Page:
For decades it was hypothesized that blackpoll warblers, tiny black-and-white songbirds that breed in boreal forests and winter in South America, migrate south entirely offshore in a nonstop flight. Only recently have technological advancements allowed that hypothesis to be tested and confirmed.
“Blackpolls had been singled out as a migratory champion because this feat is so unbelievable,” said Bill DeLuca, an ecologist at the University of Massachusetts at Amherst. “There were a number of papers that provided indirect evidence that it was true, but it had been debated for years.”
Recent advances in geolocator technology enabled DeLuca and colleagues from the Vermont Center for Ecostudies and elsewhere to capture 40 blackpolls in Vermont and Nova Scotia in 2013 and attach dime-sized devices to the birds’ backs to identify the routes they take during migration. When the birds returned north the next year, five of them were recaptured and were found to have flown offshore for about 1,500 miles to Puerto Rico, Cuba, and the Greater Antilles before continuing on to South America.
“Some of them flew really far offshore, so they’re making a full-on commitment,” DeLuca said. “Once they’re out there, they’re either going to make it or they’re not. They can’t just jump back to the coast if they’re in trouble.”
Because a water landing would be fatal to the birds, the logical question is why do they take the risk of flying over water rather than traveling via a land route like most songbirds? No one really knows, but DeLuca has a guess.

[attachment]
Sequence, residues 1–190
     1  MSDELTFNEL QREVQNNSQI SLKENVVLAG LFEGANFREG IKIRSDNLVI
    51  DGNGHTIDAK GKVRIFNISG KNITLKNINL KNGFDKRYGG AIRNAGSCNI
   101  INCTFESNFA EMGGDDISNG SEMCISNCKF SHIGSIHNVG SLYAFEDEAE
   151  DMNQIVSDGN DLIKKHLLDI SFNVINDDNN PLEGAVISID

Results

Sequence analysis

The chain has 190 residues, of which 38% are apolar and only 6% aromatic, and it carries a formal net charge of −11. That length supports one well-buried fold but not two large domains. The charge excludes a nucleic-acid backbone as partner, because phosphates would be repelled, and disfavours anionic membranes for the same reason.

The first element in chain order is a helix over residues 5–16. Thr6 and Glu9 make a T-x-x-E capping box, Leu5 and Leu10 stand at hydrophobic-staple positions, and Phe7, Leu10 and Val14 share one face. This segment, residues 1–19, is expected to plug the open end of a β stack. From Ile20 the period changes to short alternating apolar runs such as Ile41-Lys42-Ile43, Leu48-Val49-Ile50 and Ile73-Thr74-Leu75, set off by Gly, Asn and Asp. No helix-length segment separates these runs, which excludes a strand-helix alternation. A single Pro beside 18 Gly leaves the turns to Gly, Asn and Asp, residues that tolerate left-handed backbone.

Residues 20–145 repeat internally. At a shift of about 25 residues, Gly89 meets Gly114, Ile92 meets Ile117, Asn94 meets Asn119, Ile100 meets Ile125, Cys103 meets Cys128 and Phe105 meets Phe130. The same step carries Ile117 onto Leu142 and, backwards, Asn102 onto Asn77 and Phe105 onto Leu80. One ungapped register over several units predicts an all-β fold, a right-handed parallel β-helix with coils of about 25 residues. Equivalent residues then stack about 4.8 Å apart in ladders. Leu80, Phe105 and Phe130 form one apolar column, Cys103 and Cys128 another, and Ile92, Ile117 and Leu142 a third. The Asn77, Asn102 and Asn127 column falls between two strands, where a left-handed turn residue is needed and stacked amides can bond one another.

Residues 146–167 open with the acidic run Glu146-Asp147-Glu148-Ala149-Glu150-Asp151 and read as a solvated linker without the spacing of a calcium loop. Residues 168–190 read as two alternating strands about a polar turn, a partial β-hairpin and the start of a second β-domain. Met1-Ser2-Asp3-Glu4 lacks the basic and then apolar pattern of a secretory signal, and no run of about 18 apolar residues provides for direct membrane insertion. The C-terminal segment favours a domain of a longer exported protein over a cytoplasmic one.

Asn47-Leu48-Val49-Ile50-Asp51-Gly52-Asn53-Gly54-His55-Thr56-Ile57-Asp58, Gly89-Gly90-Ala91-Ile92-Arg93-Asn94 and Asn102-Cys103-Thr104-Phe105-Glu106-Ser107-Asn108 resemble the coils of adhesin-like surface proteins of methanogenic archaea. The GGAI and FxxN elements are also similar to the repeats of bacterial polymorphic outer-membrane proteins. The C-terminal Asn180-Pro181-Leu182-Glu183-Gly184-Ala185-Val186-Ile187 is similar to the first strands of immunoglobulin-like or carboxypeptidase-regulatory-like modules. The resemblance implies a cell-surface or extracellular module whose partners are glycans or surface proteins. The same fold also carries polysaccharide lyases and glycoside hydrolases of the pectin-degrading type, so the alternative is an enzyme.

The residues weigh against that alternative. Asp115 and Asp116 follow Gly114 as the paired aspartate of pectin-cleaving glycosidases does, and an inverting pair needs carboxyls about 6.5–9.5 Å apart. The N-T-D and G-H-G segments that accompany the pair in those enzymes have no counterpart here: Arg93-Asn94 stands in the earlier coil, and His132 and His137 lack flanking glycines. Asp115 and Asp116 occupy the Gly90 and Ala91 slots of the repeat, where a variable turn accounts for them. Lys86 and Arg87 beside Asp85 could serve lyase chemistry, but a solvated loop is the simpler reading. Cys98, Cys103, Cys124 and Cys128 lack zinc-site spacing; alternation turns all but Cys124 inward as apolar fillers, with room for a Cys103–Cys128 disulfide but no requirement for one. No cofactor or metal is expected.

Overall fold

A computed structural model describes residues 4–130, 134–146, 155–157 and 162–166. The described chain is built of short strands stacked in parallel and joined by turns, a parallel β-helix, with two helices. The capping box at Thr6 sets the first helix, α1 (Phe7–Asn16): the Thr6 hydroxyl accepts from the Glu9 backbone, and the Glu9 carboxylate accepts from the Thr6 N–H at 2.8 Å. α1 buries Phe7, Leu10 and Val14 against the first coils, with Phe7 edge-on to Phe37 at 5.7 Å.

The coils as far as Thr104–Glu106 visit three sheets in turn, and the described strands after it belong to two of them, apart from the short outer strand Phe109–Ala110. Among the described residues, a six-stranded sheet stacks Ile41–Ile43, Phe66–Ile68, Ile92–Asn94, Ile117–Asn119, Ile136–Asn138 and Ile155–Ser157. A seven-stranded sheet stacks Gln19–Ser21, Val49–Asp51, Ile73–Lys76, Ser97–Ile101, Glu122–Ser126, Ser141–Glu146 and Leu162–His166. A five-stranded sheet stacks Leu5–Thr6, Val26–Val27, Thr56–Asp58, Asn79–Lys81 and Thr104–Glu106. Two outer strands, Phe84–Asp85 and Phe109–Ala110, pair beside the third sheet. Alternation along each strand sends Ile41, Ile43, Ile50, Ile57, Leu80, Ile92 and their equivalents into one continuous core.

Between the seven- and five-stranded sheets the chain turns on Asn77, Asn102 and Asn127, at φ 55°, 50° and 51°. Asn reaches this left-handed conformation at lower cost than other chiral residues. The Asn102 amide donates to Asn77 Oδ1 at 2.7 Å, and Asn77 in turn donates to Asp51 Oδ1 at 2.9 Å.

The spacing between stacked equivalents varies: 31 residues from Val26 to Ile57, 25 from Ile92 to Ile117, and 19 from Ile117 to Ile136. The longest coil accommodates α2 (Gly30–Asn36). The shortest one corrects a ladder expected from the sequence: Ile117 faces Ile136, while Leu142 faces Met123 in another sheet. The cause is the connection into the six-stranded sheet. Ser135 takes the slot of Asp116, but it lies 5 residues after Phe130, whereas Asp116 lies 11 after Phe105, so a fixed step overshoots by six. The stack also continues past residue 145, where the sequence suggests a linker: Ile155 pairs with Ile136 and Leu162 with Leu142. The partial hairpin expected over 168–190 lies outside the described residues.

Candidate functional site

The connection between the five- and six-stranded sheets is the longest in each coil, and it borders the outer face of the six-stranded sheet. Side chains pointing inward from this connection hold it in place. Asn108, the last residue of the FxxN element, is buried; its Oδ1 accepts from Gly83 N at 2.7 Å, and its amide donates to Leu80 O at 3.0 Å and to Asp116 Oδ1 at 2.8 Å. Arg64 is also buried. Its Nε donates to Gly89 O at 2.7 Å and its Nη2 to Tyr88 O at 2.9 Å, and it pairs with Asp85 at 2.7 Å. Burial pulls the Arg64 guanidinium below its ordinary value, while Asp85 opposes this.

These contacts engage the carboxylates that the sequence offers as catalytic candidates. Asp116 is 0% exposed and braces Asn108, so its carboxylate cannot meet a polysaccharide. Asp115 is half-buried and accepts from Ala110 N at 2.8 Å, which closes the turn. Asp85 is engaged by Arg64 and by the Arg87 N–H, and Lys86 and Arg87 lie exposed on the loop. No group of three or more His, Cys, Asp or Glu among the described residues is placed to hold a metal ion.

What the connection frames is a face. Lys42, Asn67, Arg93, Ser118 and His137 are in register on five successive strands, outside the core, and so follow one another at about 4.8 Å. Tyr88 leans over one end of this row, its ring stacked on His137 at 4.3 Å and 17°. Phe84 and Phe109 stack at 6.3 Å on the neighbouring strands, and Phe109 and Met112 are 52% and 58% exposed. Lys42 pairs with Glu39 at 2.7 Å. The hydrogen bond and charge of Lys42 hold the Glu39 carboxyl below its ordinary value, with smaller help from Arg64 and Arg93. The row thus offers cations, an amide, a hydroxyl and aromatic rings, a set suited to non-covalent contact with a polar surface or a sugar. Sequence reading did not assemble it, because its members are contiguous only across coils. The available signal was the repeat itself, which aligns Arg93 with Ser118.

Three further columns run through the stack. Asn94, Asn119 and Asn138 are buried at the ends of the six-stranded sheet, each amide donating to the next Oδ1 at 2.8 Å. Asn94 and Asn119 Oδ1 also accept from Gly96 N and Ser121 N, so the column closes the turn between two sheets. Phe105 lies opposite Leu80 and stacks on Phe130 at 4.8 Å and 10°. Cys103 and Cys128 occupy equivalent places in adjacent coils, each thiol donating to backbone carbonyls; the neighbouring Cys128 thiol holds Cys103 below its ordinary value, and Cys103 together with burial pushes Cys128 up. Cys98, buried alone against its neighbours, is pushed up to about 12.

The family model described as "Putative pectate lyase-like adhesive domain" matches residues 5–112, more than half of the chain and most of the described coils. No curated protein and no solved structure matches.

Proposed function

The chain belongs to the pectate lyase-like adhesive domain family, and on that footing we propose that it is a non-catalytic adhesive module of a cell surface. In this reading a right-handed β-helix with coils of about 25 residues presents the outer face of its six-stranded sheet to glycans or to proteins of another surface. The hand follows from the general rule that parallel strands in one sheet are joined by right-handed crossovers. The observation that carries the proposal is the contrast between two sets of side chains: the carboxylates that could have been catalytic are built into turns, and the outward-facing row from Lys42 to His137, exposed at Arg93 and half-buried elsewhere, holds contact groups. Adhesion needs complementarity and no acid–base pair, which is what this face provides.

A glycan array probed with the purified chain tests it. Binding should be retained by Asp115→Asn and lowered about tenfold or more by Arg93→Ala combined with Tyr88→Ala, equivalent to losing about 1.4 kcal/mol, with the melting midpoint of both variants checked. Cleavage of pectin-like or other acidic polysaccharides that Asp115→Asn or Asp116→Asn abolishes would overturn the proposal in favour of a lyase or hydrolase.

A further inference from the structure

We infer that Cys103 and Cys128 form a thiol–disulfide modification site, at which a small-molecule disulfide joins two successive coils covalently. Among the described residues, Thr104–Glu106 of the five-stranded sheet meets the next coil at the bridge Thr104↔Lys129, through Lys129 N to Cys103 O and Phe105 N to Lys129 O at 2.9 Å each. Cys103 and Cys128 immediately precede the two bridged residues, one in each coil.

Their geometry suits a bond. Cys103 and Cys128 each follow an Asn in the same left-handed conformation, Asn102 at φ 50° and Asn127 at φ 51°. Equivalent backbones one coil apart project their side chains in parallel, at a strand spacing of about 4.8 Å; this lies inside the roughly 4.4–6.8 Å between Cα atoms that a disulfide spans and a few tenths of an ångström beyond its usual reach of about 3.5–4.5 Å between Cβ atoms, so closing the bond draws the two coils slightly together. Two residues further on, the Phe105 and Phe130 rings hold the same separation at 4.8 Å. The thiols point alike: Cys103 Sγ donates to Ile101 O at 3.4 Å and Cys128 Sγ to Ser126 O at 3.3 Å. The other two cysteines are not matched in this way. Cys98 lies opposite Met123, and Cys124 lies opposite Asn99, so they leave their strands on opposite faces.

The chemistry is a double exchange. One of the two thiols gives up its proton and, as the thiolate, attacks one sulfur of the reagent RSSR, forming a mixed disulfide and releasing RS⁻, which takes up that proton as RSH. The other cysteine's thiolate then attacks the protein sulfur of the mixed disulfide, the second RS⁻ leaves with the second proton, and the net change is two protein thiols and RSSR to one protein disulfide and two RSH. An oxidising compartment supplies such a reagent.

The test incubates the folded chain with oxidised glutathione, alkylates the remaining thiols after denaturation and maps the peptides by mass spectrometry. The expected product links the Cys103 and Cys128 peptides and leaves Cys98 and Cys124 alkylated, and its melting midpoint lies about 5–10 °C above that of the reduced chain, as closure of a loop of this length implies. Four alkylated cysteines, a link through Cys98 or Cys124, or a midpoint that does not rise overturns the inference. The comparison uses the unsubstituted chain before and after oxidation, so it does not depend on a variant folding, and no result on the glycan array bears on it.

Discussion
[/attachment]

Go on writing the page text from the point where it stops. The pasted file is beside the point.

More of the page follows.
“Migration, for most birds, is the riskiest time of the year, when most of the annual mortality occurs,” he said. “So to compensate, they may just fly over the ocean to get the journey over as quickly as possible. Migrating over land has its own problems: hawks, housecats, development at their stopover sites. Both routes are risky.”
Besides, DeLuca said, blackpolls are physically able to complete the two- or three-day flight. The birds double their weight in fat before departing and are highly efficient fliers. Once they are navigating their way south, they reduce the size of some of the organs they are not using, like their digestive systems. And there is evidence that other physiological adaptations occur to help the birds maximize their oxygen intake; this enables them to fly at higher altitudes than other songbirds.
Now that the migratory pathway of blackpolls from the Northeast is known, DeLuca wants to use the same technology to document the route taken by blackpolls that breed in Alaska and western Canada. Based on records of blackpoll sightings during the migration season, it is believed that those birds fly across the continent and join their eastern counterparts in migrating south over the Atlantic. DeLuca intends to find out if that is true or if they use a different migratory strategy.